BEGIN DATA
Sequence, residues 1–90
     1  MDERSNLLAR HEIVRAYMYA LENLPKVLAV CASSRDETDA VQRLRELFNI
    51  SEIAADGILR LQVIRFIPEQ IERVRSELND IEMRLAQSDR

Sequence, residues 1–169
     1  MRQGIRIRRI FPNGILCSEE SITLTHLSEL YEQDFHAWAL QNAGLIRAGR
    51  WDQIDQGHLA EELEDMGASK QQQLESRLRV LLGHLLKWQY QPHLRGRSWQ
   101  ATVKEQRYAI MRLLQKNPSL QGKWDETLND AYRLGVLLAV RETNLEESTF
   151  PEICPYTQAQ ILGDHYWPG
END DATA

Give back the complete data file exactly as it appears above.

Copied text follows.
Sequence, residues 1–90
     1  MDERSNLLAR HEIVRAYMYA LENLPKVLAV CASSRDETDA VQRLRELFNI
    51  SEIAADGILR LQVIRFIPEQ IERVRSELND IEMRLAQSDR

Sequence, residues 1–169
     1  MRQGIRIRRI FPNGILCSEE SITLTHLSEL YEQDFHAWAL QNAGLIRAGR
    51  WDQIDQGHLA EELEDMGASK QQQLESRLRV LLGHLLKWQY QPHLRGRSWQ
   101  ATVKEQRYAI MRLLQKNPSL QGKWDETLND AYRLGVLLAV RETNLEESTF
   151  PEICPYTQAQ ILGDHYWPG